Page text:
STANFORD, Calif. (AP) -- For a week and a half, Ashley Walker and her California teammates could only stew about a blowout loss in the Pac-10 championship and two years of NCAA tournament failure.
They took all that aggression out on San Diego.
Walker dominated the inside with 21 points and 12 rebounds, Devanei Hampton scored 22 points and the third-seeded Golden Bears won their first NCAA tournament game in 15 years, 77-60 over San Diego on Saturday.
"We came out of the gates running and doing what we normally do and getting back to our old selves," Walker said. "We were ready to play. Ten days is a long time not to play."
The best season in Cal (27-6) history had a disappointing finish as the Bears lost three of their final six games heading into the tournament, including a 56-35 loss to Stanford in the Pac-10 title game.
Walker and Hampton were held to seven points against the Cardinal, but the two powerful post players wouldn't let the Bears be one-and-done in the NCAA tournament for a third straight year.
"It was another of our goals that we set out to get to this year," Walker said. "Things did not go our way necessarily this season. We just wanted to show who we really are and what we can do in the tournament."
Cal took advantage of the opportunity to play close to home on Stanford's campus after losing in the first round the past two years in Pennsylvania. With many of their fans cheering on at Maples Pavilion and without the jet lag from a cross-country flight, the Bears overpowered the 14th-seeded Toreros (19-13) and built a 20-point first-half lead.
"Today we were a lot more consistent," guard Alexis Gray-Lawson said. "We were all rejuvenated and we forgot about the Stanford game."
Cal advanced to play sixth-seeded George Washington (26-6) in Monday's second round. The Colonials beat Auburn 66-56 earlier in the Greensboro Regional.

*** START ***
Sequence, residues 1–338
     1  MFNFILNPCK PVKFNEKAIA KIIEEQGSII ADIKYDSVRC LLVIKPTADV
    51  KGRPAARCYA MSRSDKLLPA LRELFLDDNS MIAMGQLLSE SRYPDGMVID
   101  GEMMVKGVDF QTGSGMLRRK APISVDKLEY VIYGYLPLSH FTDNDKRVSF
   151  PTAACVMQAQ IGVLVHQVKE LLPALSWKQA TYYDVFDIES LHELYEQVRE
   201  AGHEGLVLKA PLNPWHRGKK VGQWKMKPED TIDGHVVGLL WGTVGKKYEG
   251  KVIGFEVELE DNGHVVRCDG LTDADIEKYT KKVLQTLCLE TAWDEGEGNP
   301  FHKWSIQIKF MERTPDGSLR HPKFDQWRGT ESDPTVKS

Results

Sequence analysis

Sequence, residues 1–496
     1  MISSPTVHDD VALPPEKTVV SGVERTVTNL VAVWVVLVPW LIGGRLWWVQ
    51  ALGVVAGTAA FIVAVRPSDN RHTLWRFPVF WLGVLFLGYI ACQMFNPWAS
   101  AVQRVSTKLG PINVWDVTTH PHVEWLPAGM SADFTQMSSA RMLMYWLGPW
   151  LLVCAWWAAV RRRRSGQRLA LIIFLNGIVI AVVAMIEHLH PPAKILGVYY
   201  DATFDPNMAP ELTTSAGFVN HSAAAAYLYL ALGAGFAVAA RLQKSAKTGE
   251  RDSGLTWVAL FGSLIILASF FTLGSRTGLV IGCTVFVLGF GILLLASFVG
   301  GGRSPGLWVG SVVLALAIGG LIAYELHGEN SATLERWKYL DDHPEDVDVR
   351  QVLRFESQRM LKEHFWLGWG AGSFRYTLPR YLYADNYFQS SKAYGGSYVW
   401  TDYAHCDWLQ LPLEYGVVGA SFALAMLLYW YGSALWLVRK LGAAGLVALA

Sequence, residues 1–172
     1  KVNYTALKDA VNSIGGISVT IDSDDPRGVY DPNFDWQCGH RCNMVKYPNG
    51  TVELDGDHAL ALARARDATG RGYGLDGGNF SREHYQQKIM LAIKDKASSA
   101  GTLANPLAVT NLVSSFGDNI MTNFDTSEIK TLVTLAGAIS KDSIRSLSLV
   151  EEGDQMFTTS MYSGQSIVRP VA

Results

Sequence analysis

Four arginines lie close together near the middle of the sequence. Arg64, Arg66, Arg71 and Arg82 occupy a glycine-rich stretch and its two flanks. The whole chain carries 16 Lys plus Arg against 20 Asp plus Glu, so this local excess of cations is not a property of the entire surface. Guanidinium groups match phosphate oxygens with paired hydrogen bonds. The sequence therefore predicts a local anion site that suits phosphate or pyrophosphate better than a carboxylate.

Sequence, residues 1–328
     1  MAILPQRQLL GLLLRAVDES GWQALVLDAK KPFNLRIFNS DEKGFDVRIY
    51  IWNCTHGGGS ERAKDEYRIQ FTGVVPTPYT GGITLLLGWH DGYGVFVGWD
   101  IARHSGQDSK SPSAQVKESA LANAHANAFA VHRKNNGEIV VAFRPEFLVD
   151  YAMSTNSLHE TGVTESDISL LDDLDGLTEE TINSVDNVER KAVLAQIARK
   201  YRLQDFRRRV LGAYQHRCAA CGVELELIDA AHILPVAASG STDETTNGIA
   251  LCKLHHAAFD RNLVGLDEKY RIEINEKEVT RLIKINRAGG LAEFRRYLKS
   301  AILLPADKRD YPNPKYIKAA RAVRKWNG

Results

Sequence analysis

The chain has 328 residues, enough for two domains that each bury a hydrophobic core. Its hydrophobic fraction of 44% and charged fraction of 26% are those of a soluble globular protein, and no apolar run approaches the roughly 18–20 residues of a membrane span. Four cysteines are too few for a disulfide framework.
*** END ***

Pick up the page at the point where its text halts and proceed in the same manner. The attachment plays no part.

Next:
The joy from the win was overshadowed by a right knee injury to backup center Rama N'diaye, who hurt herself diving for a loose ball midway through the second half. N'diaye was being taken for X-rays.
"Injuries happen," coach Joanne Boyle said. "We've been in this situation before and people have stepped up. We just have to find our way with that."
Cal opened the game on a 14-2 run, getting 10 points from Walker and Hampton, and forcing Toreros coach Cindy Fisher to call a timeout less than 2 minutes into the game. The Bears made nine of their first 10 shots, with Walker getting the offensive rebound and scoring after the only miss.
That was the story of the game, as Walker had a double-double less than 12 minutes in and had eight offensive rebounds in the opening half.
"The great thing about Ashley is she's so quick to the ball," Boyle said. "It's just hard to find her. She got a lot of offensive rebounds and a lot of putbacks. She's crafty down there."
The Toreros were able to make a game of it after that for a short time before Walker sparked a 14-0 run late in the half that put it away. She started the run with two free throws, followed it with a three-point play and then fed Natasha Vital for an easy basket that made it 35-22. Cal capped the run when Walker fed Kelsey Adrian for a 3-pointer that made it 42-22 for one of her six assists.
"It was tough for us to match up against Cal, which obviously has an impressive inside presence," Fisher said. "We tried to do a few different things against them, but they executed really, really well. They took us out of what we wanted to do on the defensive end. They're a three seed for a reason."
Sam Child scored 14 points and Morgan Henderson added 13 for San Diego. The Toreros turned the ball over 14 times in the first half of their first tournament game since 2000 and dropped to 0-3 all-time in tourney play.
The Toreros rebounded after losing their first five games in the West Coast Conference to beat Gonzaga at home for the conference championship and automatic bid to the tournament. But San Diego was unable to follow the example set by the Toreros men's team, which upset fourth-seeded Connecticut on Friday.
"I think I let my nerves get the best of me early on," point guard Amanda Rego said. "I was forcing some shots and missing shots I normally hit."